Except where noted, this Website is based on the original “Cinquante Quatre” published by Major JB Bailey for veterans of the 54th Kootenay Battalion in 1919. Front pages below.

Battalion Colours





The 1958 Reunion


Charlie Bradshaw as a young man

 21 year old Charlie Bradshaw

Reunion material and the 54th Battalion letter opener image was kindly provided by Barb Ethier

The 54th Battalion memory lives on in Nelson BC Canada

Some members of the Battalion are remembered here

The 54th was re-named the 1st Battalion Kootenay Regiment in the early 1920s. People and government funding had other priorities and though the unit was a reserve infantry battalion it was undermanned until the late 1920s. In the 1930s it was re-rolled as an artillery regiment and in this guise soldiered on up to the mid 1960s.

  • A Veteran of Two Wars
    • Soldiering was not new to Private George McLean. A rancher from the Head of the Lake Band in the Okanagan district of British Columbia, McLean had served with the Canadian Mounted Rifles during the South African (or Boer) War at the turn of the century. More than a decade later, he became one of nearly 2,000 members of the CEF to earn the Distinguished Conduct Medal (DCM) for distinguished conduct in the field, the second-highest award for gallantry available to non-commissioned officers and privates in the Great War.
    • McLean enlisted in Vernon, British Columbia, in October 1916 and sailed for Great Britain almost immediately. He was in France with the 54th Battalion in December.
    • In April 1917, during the Battle of Vimy Ridge, McLean launched a daring solo attack on a group of enemy soldiers. He was armed with about a dozen Mills bombs – small grenades nicknamed “pineapples”, which exploded violently.
    • McLean’s attack was extremely effective. The private’s citation describes the results: “Single-handed he captured 19 prisoners, and later, when attacked by five more prisoners who attempted to reach a machine-gun, he was able – although wounded – to dispose of them unaided, thus saving a large number of casualties.”
    • During this action, McLean was shot in the arm by a sniper and was returned to Canada for medical treatment. He went back to British Columbia, and eventually became a fireman in the Vancouver region. He died in 1934.
    • More on Native Canadians in the CEF here
  • From University of Victoria BC, Canada
    • Lieutenant Colonel Theodore Benning Monk was born in Winnipeg, Manitoba. In 1907, he enlisted with the active militia and in 1908 became a gunner with the 13th Battery, Canadian Field Artillery (Manitoba Regiment). He later went into law and real estate. He moved to Victoria in 1908 and started work in the City Engineer’s Department. He established his own real estate firm with Roger Monteith, and and among other real estate activities sought to develop the coastal town of Clo-ose, B.C. as a resort. In World War I he served with the 54th Battalion and fought in Vimy Ridge. He was Commanding Officer of the Cadet Training Camp at the present campus of the University of Victoria, 1940-1941, and became a liaison officer of the U.S. Army from 1942-1944. From 1930 on, Monk campaigned actively for a uniquely Canadian flag. The fonds consists of Monk’s army service and course certificates and correspondence with the Monk family, records of the commander of the Gordon Head camp, and the Seattle liaison officer concerning the 5th Regiment and other army and business matters; personal records, including correspondence regarding a new Canadian flag, notes on the Monk family tree, insurance and investment records; photographs of Monk with officers and with Sir Arthur Currie, and drawings of proposed new flags for Canada. Finding aid available with box and file level control. University of Victoria Library.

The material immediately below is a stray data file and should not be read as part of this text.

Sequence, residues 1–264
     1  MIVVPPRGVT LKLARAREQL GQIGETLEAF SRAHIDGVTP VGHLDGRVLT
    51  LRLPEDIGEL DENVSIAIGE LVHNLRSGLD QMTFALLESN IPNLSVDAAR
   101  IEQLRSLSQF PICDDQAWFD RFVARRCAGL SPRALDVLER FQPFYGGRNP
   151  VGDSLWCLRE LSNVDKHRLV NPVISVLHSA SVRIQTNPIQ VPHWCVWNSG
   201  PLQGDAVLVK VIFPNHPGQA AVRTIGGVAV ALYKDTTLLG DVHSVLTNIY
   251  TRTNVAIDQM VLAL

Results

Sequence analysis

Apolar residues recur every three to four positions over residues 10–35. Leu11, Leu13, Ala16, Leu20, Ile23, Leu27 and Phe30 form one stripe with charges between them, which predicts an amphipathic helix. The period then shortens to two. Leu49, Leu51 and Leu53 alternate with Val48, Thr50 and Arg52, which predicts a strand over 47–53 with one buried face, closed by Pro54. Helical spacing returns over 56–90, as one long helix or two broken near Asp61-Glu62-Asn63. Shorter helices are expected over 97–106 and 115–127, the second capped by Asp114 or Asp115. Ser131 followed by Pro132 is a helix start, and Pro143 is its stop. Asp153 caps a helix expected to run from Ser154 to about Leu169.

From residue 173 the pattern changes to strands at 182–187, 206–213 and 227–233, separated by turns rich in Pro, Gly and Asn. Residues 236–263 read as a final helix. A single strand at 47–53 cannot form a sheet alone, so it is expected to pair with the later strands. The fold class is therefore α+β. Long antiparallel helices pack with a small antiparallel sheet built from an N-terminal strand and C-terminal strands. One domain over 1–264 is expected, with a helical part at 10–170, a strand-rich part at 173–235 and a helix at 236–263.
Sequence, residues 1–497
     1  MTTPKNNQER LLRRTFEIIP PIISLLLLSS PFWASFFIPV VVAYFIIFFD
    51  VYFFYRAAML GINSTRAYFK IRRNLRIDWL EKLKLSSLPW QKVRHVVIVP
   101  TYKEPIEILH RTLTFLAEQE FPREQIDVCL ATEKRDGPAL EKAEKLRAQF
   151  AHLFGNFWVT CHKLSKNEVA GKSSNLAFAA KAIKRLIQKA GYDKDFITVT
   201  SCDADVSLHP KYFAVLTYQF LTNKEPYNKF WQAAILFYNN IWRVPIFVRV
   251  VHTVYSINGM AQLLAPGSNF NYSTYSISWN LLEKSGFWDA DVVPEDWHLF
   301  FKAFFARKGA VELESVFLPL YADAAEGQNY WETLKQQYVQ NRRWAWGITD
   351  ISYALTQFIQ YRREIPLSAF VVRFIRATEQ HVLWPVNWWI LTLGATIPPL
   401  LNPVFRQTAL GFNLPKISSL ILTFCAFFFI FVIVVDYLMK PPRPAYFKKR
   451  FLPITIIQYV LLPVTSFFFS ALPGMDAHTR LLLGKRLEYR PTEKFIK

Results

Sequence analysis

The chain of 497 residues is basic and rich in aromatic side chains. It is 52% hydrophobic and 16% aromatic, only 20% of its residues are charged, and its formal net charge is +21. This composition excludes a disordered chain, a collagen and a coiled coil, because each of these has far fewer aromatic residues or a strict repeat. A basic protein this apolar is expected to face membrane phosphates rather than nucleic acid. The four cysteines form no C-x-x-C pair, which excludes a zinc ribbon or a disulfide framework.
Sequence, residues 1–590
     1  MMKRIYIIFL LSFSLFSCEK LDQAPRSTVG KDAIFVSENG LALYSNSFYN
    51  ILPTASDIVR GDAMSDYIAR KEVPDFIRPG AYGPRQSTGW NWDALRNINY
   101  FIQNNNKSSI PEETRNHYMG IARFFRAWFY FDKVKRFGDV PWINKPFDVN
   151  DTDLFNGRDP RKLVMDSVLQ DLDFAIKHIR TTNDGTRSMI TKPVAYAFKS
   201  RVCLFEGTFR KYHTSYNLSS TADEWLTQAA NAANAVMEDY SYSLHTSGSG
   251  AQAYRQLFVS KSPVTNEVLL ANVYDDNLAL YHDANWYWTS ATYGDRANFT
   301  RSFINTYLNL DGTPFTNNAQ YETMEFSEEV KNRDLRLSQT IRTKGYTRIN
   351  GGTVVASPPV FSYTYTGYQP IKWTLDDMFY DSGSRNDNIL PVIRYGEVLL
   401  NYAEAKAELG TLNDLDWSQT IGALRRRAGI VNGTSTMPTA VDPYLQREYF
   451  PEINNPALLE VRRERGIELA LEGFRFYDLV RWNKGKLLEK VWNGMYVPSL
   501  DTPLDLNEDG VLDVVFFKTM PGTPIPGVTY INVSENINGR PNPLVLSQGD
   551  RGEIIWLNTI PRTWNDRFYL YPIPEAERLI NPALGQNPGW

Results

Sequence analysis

• Rev. Beazer
    • Frank C. Beazer was born in Chippenham, England. He left Chippenham in 1912 and worked in Ifracombe, Eastbourne, London and Bath in England. He was a ship’s steward on two trips to East Africa before he became a missionary to the Church of England Camp Mission. The first place he went to as a missionary was the diocese of Caribou in British Columbia. He enlisted in Chapleau, Ontario, in the 227 B Company, on July 26, 1916 and travelled to France with the 54th Battalion where he became assistant to the regimental chaplain. In 1919 he attended Wycliffe College at the University of Toronto and received his ordination on St. Georges Day in 1922 in the Cathedral in Cochrane, Ontario. He resided at Kapuskasing for twelve years. In Kapuskasing he helped to build his church and house. He was also an assistant scoutmaster for the Boy Scouts of Canada in Kapuskasing. In 1927 he married Gertrude Hudson of Toronto. He was the pastor for Oxford Mills, Carrying Place and St. Paul’s Anglican Church in Roslin, Ontario; Christ Anglican Church in Thomasburg, Ontario and St. Luke’s Anglican Church in Peterborough, Ontario. In 1958 Reverend Beazer and his wife visited his two brothers in Chippenham, England. While they were there they were invited to have cocktails with the High Commissioner of Canada George Drew and his wife. Frank was a member of the Masonic Lodge. Reference here